By depicting the behavior of a theoretical man, Homo economicus is somewhat opposite to conventional economic behaviour (explained by behavioural economics), where people’s preferences are not divorced from emotions nor unrestricted by the limits of their social reality. Homo Economicus’ belonging to different corners of the world, across geographical boundaries and cultures, would think in different ways. This is because economies in different geographical and social contexts are diverse in economic interests and preferences. Finally, Homo economicus requires perfect information to make the best possible decision. For example, ideally, if Homo economicus were to buy a laptop, they would survey all the markets, all the shopping websites, all the brand-outlets, to make a final decision. But, attaining perfect knowledge is seemingly impossible. Moreover, the efforts would involve high ‘search costs’ constituting both time and money.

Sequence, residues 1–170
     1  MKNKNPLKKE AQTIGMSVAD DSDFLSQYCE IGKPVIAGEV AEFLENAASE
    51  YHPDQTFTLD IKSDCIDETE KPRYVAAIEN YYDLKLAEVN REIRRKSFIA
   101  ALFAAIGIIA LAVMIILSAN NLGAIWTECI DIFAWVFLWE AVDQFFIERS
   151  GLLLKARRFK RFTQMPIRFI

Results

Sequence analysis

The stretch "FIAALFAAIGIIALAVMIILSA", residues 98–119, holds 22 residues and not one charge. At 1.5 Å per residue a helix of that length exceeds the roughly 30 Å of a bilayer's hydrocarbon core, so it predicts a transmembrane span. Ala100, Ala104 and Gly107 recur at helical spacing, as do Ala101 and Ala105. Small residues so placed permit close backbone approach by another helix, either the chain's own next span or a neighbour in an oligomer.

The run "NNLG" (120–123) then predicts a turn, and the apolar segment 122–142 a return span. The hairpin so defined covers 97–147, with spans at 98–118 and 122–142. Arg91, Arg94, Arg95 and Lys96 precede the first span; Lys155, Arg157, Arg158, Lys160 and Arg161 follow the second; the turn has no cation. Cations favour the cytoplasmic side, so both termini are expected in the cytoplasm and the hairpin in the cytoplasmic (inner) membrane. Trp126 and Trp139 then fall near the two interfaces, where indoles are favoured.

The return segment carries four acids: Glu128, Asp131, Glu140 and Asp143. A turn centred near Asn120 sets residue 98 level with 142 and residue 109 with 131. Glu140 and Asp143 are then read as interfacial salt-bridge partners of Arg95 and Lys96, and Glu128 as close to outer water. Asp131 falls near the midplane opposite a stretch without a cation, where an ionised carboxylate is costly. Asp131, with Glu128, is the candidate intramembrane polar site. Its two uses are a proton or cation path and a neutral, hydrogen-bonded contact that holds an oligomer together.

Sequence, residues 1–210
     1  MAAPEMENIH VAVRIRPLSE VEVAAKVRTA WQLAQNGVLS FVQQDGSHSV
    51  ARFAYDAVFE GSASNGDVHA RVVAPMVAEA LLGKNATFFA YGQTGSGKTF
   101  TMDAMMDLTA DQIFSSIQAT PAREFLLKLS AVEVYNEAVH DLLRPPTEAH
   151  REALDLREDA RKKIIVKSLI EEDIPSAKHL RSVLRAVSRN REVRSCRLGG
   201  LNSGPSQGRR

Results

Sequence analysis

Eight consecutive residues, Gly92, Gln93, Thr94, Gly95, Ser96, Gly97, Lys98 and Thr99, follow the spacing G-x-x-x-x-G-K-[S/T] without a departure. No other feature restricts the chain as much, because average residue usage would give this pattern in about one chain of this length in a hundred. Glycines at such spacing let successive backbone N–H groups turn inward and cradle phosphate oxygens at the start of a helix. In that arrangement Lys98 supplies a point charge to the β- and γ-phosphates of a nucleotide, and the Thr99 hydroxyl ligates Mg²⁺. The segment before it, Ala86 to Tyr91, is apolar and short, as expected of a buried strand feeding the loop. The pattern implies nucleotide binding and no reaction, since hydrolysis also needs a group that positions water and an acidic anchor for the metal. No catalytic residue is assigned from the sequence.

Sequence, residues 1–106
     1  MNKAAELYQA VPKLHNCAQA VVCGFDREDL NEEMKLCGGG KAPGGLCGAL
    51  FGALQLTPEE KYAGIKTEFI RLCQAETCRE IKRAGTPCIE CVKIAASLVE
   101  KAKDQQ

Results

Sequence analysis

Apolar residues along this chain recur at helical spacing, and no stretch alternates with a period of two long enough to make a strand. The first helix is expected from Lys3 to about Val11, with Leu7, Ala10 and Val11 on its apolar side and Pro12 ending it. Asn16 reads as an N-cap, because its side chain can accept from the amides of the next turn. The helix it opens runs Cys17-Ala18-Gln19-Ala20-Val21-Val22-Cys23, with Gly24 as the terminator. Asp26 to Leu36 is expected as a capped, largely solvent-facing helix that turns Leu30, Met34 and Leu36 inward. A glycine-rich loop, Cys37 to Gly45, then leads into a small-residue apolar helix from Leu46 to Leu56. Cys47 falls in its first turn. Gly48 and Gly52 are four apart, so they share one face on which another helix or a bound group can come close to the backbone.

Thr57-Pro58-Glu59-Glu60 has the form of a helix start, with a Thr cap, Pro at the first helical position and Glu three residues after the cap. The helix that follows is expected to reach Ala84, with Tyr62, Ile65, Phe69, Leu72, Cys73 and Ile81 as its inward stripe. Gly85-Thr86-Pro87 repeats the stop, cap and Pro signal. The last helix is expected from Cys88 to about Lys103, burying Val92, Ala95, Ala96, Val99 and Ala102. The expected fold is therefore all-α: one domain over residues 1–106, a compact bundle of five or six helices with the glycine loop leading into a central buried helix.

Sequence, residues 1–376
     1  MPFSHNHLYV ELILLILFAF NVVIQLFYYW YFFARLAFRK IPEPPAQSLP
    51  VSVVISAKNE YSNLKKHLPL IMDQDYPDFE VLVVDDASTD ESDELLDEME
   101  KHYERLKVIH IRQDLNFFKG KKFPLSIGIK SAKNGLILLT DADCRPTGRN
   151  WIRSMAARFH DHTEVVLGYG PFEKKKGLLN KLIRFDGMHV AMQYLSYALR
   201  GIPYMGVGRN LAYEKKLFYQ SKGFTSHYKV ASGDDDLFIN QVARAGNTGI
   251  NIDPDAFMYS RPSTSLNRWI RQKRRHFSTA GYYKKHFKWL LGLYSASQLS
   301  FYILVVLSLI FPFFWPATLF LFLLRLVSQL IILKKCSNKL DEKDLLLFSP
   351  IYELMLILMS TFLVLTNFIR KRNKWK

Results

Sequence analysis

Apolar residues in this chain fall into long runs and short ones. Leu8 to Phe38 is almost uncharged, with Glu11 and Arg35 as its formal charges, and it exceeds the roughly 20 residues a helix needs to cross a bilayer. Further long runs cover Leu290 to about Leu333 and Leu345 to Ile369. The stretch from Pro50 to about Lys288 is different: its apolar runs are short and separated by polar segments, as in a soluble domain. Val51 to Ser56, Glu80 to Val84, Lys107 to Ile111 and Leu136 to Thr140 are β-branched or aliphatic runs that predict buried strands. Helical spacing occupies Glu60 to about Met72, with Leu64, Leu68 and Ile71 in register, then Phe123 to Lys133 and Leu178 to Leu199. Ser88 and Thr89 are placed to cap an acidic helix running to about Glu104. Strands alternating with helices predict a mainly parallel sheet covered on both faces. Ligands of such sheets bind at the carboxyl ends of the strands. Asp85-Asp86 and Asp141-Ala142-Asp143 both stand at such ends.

Nevertheless, by personifying an imperfect normative, Homo economicus helps us to understand its dissimilarities as compared to positive economics. Positive economics refers to the study of economics in terms of what is, in contrast to normative economics: the study of what ought to be. So then, we are limited in our ability to construct positive economic explanations from Homo economicus. Homo economicus might want to incorporate assumptions drawn from behavioural economics for these studies. One thing is clear: the definition of Homo Economicus would benefit from being more clearly defined.
(Written by Lavanya Goswami and Edited by Anoushka Gehani)